#### electrofelon

##### Senior Member

- Location
- Cherry Valley NY, Seattle, WA

- Thread starter electrofelon
- Start date

- Location
- Cherry Valley NY, Seattle, WA

- Location
- Fairmont, WV, USA

As a first approach I take would be to sum all the loads and calculate the drop as though they were at at the farthest end of the run. If the answer is an acceptable voltage drop, then you are done.

Then I would take your approach and see if the voltage drop was clearly below the maximum allowed. If it was near the max, I might just up the wire by a size (assuming conduit installation). The cost of the wire is swamped by the cost of the devices.

To correctly calculate the voltage drop you need to calculate the drop to each load in the circuit. Take the first load, calculate the drop using total current. Then use the voltage at this point and the current for all but the first for the next drop. Rinse, Repeat, Rinse.

Then I would take your approach and see if the voltage drop was clearly below the maximum allowed. If it was near the max, I might just up the wire by a size (assuming conduit installation). The cost of the wire is swamped by the cost of the devices.

To correctly calculate the voltage drop you need to calculate the drop to each load in the circuit. Take the first load, calculate the drop using total current. Then use the voltage at this point and the current for all but the first for the next drop. Rinse, Repeat, Rinse.

Last edited:

- Location
- Cherry Valley NY, Seattle, WA

But that method would result in a vd of about twice the actual. Also if the devices are powered by both ends of the loop as I asked in the op then your method results in 4 times the vd. No small difference.As a first approach I take would be to sum all the loads and calculate the drop as though they were at at the farthest end of the run. If the answer is an acceptable voltage drop, then you are done.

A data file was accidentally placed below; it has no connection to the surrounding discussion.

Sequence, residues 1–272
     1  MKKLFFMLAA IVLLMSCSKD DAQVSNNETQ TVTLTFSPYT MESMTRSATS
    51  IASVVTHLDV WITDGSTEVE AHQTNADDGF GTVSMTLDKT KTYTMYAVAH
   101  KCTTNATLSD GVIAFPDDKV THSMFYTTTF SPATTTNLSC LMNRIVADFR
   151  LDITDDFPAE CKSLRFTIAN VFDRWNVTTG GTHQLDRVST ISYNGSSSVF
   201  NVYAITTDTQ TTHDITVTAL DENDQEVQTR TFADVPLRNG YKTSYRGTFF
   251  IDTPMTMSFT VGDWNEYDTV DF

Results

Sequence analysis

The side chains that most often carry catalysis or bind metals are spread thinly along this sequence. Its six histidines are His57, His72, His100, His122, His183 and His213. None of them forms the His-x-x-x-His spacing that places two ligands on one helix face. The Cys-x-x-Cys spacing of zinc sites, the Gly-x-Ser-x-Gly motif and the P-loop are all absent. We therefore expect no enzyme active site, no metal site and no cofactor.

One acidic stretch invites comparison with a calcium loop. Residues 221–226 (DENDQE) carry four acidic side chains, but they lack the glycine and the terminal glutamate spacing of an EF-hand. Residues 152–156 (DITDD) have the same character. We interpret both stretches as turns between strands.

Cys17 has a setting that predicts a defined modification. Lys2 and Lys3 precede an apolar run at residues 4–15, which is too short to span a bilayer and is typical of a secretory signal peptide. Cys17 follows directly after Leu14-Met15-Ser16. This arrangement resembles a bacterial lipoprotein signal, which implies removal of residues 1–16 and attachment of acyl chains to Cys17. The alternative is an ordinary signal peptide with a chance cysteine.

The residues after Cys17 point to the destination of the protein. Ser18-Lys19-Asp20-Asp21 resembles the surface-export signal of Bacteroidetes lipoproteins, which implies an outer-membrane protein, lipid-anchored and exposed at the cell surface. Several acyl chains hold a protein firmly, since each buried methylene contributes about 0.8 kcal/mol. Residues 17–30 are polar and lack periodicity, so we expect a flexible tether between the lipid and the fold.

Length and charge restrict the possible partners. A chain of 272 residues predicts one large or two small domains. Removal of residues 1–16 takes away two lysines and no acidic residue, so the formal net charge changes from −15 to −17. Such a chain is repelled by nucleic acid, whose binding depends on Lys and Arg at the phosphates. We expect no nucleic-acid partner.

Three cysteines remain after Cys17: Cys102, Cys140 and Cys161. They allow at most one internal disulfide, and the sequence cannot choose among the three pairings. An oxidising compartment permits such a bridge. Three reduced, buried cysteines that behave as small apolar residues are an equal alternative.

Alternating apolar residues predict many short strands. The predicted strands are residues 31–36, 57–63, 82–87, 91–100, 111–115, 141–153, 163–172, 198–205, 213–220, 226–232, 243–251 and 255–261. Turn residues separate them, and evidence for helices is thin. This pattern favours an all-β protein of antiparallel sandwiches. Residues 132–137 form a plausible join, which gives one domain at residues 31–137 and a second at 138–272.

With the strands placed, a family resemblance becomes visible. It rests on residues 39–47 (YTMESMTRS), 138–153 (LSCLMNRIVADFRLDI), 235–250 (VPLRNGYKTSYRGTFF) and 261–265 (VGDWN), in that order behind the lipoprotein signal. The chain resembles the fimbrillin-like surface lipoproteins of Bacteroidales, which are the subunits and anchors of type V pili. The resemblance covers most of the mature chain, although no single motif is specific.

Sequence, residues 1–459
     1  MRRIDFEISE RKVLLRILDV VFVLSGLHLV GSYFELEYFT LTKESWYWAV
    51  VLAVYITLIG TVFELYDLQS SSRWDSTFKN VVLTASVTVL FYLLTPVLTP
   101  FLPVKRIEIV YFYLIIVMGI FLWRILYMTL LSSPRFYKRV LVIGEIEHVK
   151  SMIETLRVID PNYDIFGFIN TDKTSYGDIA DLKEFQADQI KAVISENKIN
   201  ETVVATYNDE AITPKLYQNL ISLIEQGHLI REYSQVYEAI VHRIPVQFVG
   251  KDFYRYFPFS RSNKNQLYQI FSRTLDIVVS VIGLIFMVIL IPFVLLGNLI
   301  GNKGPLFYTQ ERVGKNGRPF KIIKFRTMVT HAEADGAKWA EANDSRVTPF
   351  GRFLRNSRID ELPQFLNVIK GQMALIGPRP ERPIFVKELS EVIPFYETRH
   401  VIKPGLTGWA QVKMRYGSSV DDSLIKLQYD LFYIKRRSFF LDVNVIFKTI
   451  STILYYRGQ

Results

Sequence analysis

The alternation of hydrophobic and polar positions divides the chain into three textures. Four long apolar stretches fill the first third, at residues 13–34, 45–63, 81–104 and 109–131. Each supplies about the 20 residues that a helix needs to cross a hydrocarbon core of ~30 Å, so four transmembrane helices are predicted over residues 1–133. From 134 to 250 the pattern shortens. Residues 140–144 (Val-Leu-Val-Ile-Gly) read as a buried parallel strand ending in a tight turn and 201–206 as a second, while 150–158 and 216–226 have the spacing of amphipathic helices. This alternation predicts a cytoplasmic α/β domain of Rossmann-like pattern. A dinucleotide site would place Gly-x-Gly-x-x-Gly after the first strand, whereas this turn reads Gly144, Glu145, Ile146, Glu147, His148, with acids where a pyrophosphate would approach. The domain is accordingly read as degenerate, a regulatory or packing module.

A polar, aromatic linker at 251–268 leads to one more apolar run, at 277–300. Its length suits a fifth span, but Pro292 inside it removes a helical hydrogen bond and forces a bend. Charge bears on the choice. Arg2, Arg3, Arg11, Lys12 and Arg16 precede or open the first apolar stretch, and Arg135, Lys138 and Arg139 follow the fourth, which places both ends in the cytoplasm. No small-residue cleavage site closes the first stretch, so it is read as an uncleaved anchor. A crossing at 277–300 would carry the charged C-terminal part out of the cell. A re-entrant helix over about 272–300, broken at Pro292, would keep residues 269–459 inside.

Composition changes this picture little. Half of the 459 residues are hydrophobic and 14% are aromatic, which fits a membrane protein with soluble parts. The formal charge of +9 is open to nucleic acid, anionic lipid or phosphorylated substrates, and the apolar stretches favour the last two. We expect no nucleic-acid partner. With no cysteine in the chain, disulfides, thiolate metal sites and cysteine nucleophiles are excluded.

Then I would take your approach and see if the voltage drop was clearly below the maximum allowed. If it was near the max, I might just up the wire by a size (assuming conduit installation). The cost of the wire is swamped by the cost of the devices.

To correctly calculate the voltage drop you need to calculate the drop to each load in the circuit. Take the first load, calculate the drop using total current. Then use the voltage at this point and the current for all but the first for the next drop. Rinse, Repeat, Rinse.

- Location
- Massachusetts

The reason we go class A is to make sure the system will still work with an open wire.But that method would result in a vd of about twice the actual. Also if the devices are powered by both ends of the loop as I asked in the op then your method results in 4 times the vd. No small difference.

That being the case it is possible that all the devices would have to be supplied from one direction. I would base my VD on that worst case.

- Location
- Cherry Valley NY, Seattle, WA

Of course. Got it thanksThe reason we go class A is to make sure the system will still work with an open wire.

That being the case it is possible that all the devices would have to be supplied from one direction. I would base my VD on that worst case.

- Location
- New Jersey

- Occupation
- Professional Engineer, Fire & Life Safety

- Location
- Cherry Valley NY, Seattle, WA

I dont buy that. Lets expand/clarify with your example and say the last device is X distance from the FACP and the return (class A) is also X. I dont see any possible way the conductor length would be 4X. I admit I do not know the specific power scheme for a class A loop: if both supply and return terminals are common or isolated supplies but either way how could we have 4X and not X for conductor length?

- Location
- New Jersey

- Occupation
- Professional Engineer, Fire & Life Safety

Please see the System Sensor application guideI dont buy that. Lets expand/clarify with your example and say the last device is X distance from the FACP and the return (class A) is also X. I dont see any possible way the conductor length would be 4X. I admit I do not know the specific power scheme for a class A loop: if both supply and return terminals are common or isolated supplies but either way how could we have 4X and not X for conductor length?